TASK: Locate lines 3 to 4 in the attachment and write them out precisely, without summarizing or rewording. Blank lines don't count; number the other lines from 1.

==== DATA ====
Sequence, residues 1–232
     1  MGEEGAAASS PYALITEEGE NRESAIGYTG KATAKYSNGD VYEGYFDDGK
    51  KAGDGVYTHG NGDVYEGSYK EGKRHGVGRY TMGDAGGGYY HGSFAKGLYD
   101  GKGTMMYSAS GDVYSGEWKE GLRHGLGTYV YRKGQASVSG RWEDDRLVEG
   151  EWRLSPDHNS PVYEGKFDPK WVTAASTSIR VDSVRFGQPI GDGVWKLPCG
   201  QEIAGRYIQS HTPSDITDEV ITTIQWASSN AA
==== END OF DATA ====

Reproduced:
    51  KAGDGVYTHG NGDVYEGSYK EGKRHGVGRY TMGDAGGGYY HGSFAKGLYD
   101  GKGTMMYSAS GDVYSGEWKE GLRHGLGTYV YRKGQASVSG RWEDDRLVEG